August 31 is the late filmmaker’s birth anniversary. Two of his close associates and his brother remember the genius on the occasion, also talking about his last film Satyanweshi
Born on August 31, 1963, it’s late filmmaker Rituparno Ghosh‘s 50th birth anniversary today. Revered as a brilliant chronicler of human relationships, Ghosh forged strong personal ties with his co-workers from different strata of society and nurtured them as his surrogate family. Two of his colleagues – one a reputed designer and the other a humble driver – recall Ghosh as a true professional who had an affectionate side for the cast and crew, thereby endearing him to all. He would go all the way for them, disregarding social barriers.
“Ritu da (elder brother in Bengali) had this amazing quality to build and nurture a surrogate family around him. I was fortunate to be part of this family,” said Darshan Shah, Founder and Trustee of Weavers Studio, a textile design firm.
Ghosh died of a heart attack May 30.
What costumes did Rituparno Ghosh plan for Satyanweshi?
Shah and her team had been working closely with him for the costumes for Satyanweshi - the director’s last film. Produced by Shree Venkatesh Films, Ghosh’s swansong features filmmaker Sujoy Ghosh as Byomkesh Bakshi and Bengali actors Anindya Chatterjee, Arpita Chatterjee, Sibaji Bandyopadhyay and Indraneil Sengupta in key roles in this detective thriller. (A Facebook posting says the film is due for a September release though the date has not been specified.)
“Ritu da narrated the story of Satyanweshi in short and highlighted what clothes and costumes each character would wear and the look of each of the actors – the period, the different settings, from the Zamindarbadi (Zamindar’s household) to when they would travel and the influences would have to also be in sync as the movie progressed,” Shah explained.
Possessing a clarity of vision about how the script would progress, a sense of aesthetics and the nuances he expected from his actors, Ghosh got the best out of his team. “He challenged us with deadlines but always thanked us for our efficiency,” Shah noted.
The sartorial elegance in Ghosh’s films is the evidence of his love of natural earthy organic textiles, his eye for detail and a penchant for the vintage.
For Satyanweshi, Ghosh chose exquisite tussar silk (raw silk produced in Malda district of West Bengal that has a dull gold sheen) and organic cotton. “The men were to be either in dhoti Punjabis (kurtas) in organic cottons, hand-reeled tussars and sometimes with an elegant tussar matka shawl draped over their shoulders or be dressed in simple old-fashioned trousers and shirts when the scene changed and the location changed. “He told us what type of collar, buttons, zip and pleats he wanted for the trousers and shirts,” said Shah.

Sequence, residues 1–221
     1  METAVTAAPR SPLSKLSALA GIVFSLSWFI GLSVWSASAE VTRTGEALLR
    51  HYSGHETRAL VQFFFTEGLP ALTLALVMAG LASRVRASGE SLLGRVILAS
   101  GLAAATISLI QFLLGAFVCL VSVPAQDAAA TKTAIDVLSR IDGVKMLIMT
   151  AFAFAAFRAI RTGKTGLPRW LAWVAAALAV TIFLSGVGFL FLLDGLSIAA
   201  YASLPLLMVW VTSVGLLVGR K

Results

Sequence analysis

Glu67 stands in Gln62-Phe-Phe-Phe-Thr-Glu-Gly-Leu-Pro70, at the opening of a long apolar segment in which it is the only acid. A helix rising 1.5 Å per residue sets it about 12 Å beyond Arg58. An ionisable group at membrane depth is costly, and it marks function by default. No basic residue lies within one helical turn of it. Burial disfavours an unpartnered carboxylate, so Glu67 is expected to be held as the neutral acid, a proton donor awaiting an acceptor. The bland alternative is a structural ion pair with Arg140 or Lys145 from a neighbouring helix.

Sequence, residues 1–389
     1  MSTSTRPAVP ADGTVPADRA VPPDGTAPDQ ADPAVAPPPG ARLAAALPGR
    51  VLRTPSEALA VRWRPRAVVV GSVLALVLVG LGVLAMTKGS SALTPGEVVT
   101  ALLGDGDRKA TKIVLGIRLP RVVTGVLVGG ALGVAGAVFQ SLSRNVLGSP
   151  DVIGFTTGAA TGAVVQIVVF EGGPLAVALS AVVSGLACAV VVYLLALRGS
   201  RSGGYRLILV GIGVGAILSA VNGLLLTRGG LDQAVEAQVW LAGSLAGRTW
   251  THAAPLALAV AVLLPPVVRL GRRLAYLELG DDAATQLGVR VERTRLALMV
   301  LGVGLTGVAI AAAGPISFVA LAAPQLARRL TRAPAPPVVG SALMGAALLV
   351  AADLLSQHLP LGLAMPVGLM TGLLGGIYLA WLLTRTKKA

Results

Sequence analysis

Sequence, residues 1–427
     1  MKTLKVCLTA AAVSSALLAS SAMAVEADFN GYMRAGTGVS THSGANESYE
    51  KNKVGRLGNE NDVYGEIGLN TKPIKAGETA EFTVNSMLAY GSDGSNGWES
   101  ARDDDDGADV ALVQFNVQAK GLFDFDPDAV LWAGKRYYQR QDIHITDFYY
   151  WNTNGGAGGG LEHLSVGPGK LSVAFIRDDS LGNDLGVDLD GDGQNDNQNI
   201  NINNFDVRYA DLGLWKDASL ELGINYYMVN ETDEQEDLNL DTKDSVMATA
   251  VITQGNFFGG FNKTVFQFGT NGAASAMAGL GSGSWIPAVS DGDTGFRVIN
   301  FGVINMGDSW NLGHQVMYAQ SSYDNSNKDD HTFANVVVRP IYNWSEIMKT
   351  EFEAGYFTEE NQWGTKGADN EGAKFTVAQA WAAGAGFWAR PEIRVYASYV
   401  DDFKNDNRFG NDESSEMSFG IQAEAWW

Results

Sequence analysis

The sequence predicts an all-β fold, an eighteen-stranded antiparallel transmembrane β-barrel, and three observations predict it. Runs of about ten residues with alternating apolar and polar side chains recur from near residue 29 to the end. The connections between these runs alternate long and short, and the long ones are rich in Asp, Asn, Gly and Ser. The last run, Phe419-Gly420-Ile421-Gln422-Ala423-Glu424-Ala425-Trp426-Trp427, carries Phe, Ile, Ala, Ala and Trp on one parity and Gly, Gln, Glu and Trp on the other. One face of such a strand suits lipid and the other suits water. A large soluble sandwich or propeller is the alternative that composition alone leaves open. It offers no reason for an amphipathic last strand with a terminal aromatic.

Ghosh guided Shah’s team and chose the sarees that Aloka (the character portrayed by Arpita) would be wearing and selected the type and fabric for the blouse. “He told us how he wanted it styled and chose the accessories carefully from a wide range of Narayan Sinha’s artistic creations to Amrapali’s traditional pieces. For some costumes, he just asked us to convert a piece of textile and put a border and define it and make it like a saree.”
Did Rituparno Ghosh’s crew members make fun of his sexuality?
Tarakeshwar Shaw, who currently chauffeurs for a government undertaking, had a chance to rub shoulders with the “gentleman” as part of his crew. Ritu da, for Shaw, was a disciplinarian, yet friendly with all. “He used to be elated if crew members showed up on time. Especially if the set, camera and lighting were all ready before the cast arrived. He used to call me up to ensure whether I would make it on time. He used to ask ‘Ki Taraka, time e chole ashbe toh?’ (Tarak, will you be on time?),” said Shaw.
During his decade-long tryst as a crew member in the Bengali film industry, Shaw (now in his late 40s) used to ferry cameras and other essential production staples. He drove a car packed to the brim with equipment during the filming of Ghosh’s Bariwali (1999), Shubho Mahurat (2002) and Chokher Bali (2003).
Shaw recalls Ghosh having a casual attitude on set. He insisted that all should lunch and dine together. Moreover, Ghosh preferred the same team for his subsequent films. However, his homosexuality made him a constant target of jokes. “He was mocked by some technicians because of his effeminate mannerisms. He used to speak in a ladylike manner and some people on set used to answer him back in the same way. But he never complained and took it stoically,” Shaw revealed.
He reacted in the same way when his brother Indranil Ghosh, an art director in the regional film industry, distanced himself because of his sexual preferences, Shaw added. Indranil is now remorseful. “I have lost everyone…my parents and now my brother. I don’t want to comment…I just want to get out of this whole thing,” said a grief-stricken Indranil.